On July 6, Clemson University political science professor Steven V. Miller released a timely new academic working paper titled "Economic Anxiety or Racial Resentment? An Evaluation of Attitudes Toward Immigration in the U.S. from 1992 to 2016." From the abstract of the yet-to-be-published paper: "My analyses are unequivocal that racial resentment is reliably the largest and most precise predictor of attitudes toward immigration."
Ryan works as a professor at Florida State University, where he teaches research methods and sports law. He writes a lot of academic articles and some mainstream pieces too.
TIM TORKILDSON'S SUNDAYLIMERICK
From The Wall Street Journal:
"The two letters cited goals for Wells Fargo product sales that led employees to push customers into products that generated more fees or to move client assets between different products or investing platforms to generate more revenue—and bigger bonuses for employees."
From Tim: Of course not all bankers are sharks,
and some of them sing with the larks.
But I'd rather trust
my precious gold dust with anyone else, like Karl Marx.
Tim Torkildson is a retired circus clown who fiddles with rhyme. All his verses can be found at Tim's Clown Alley.
Last week marked the seventh anniversary of the death of iconic British singer-songwriter Amy Winehouse. Her recorded output isn't exactly overflowing, but instead of going straight to the album responsible for her rocket ride to fame, 2006's mega-selling Back to Black, featuring the Motown-flavored signature hit "Rehab," there's another album worthy of the moment. The 2007 collection Back to Black: B-Sides, isn't a proper Winehouse record, per se, yet it offers a daring, intimate glimpse into the magnetic pull she possessed.
Not that I suggest skipping to the end, but the acoustic demo version of "Love is a Losing Game" is sparse, raw, and so wholly powerful it would be the artistic high-water mark for almost any other neo-soul singer. The other tracks certainly offer a window into her frozen-in-time greatness, but the jazz-inflected, crawling pace of that specific tune generates a dual sensation of awe and sadness for a voice that will be forever 27.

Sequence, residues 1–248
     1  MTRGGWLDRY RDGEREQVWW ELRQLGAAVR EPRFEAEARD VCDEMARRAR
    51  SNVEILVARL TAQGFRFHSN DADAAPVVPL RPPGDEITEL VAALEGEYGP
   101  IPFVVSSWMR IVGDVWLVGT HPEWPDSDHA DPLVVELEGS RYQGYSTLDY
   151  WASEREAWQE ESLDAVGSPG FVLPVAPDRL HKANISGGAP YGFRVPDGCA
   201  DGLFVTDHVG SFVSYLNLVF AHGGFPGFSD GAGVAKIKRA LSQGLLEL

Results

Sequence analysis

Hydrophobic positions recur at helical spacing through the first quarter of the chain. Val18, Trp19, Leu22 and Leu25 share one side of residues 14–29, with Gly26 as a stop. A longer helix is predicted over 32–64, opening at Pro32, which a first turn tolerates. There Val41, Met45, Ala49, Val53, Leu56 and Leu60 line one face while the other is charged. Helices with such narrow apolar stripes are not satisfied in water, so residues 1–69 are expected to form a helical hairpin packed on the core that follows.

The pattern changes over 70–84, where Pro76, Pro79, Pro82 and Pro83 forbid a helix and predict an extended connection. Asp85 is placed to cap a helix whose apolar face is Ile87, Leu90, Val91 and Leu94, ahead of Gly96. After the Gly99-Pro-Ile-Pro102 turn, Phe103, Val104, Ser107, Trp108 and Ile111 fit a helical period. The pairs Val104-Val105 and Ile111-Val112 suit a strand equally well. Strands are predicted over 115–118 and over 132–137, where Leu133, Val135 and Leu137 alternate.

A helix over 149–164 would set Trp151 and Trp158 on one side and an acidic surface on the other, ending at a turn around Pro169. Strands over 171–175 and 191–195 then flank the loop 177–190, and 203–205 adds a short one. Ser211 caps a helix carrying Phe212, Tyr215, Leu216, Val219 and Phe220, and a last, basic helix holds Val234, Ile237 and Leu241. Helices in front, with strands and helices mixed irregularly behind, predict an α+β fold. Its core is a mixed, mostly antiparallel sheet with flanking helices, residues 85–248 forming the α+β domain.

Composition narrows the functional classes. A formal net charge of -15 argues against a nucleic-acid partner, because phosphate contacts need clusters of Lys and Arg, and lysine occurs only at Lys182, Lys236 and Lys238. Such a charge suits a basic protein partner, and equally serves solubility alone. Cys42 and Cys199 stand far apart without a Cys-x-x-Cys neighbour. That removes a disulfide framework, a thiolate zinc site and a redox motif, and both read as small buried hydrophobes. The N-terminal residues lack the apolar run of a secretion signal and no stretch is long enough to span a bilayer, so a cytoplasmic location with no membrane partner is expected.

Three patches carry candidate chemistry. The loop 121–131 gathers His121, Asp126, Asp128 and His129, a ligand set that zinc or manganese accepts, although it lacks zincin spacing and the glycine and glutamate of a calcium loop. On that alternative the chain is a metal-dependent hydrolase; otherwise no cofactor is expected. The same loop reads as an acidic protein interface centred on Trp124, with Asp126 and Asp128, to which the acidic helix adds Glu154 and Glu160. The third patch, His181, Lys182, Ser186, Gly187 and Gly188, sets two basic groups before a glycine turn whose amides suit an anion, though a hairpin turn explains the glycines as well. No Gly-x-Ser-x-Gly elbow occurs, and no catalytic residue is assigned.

Kelly Dearmore is the Music Critic for the Dallas Morning News. Yes, he's heard your son's demo tape, and he thinks it's fantastic.
Larry David, the crack investigative reporter, has figured out the real reason General John F. Kelly, the White House chief of staff, grimaced before breakfast in Brussels two weeks ago. It has something to do with dashed hopes when you were counting on pancakes with real maple syrup.
Founder, Curator: Don Van Natta Jr. Producer, Curator: Jacob Feldman Producer, Curator: Étienne Lajoie Senior Recycling Editor: Jack Shafer Senior Long View Editor: Justine Gubar Senior Photo Editor: Patrick Farrell Senior Music Editor: Kelly Dearmore Senior Limerick Editor: Tim Torkildson Senior Podcast Editor: Jody Avirgan Senior Editor of Esoterica: Ryan M. Rodenberg
Digital Team: Nation Hahn, Nickolaus Hines, Megan McDonell, Alexa Steinberg Podcast Team: Peter Bailey-Wells, Cary Barbor, Julian McKenzie, Jonathan Yales Campus Editor: Peter Warren
Contributing Editors: Bruce Arthur, Shaun Assael, Nick Aster, Alex Belth, Sara J. Benincasa, Sara Blask, Greg Bishop, Taffy Brodesser-Akner, Maria Bustillos, Chris Cillizza, Anna Katherine Clemmons, Rich Cohen, Pam Colloff, Maureen Dowd, Charles Duhigg, Brett Michael Dykes, Geoff Edgers, Lea Goldman, Michael N. Graff, Maggie Haberman, Reyhan Harmanci, Virginia Heffernan, Matthew Hiltzik, Jena Janovy, Bomani Jones, Chris Jones, Peter Kafka, Paul Kix, Mina Kimes, Peter King, Michael Kruse, Tom Lamont, Chris Lehmann, Will Leitch, Glynnis MacNicol, Drew Magary, Erik Malinowski, Jonathan Martin, Betsy Fischer Martin, Ana Menendez, Kevin Merida, Heidi N. Moore, Eric Neel, Joe Nocera, Ashley R. Parker, Anne Helen Petersen, Jo Piazza, Joe Posnanski, S.L. Price, Jennifer Romolini, Julia Rubin, Albert Samaha, Bruce Schoenfeld, Michael Schur, Joe Sexton, Jacqui Shine, Rachel Sklar, Dan Shanoff, Ben Smith, Matt Sullivan, Wright Thompson, Pablo Torre, Kevin Van Valkenburg, John A. Walsh, Seth Wickersham and Karen Wickre.
Header Image: Andrea Ventura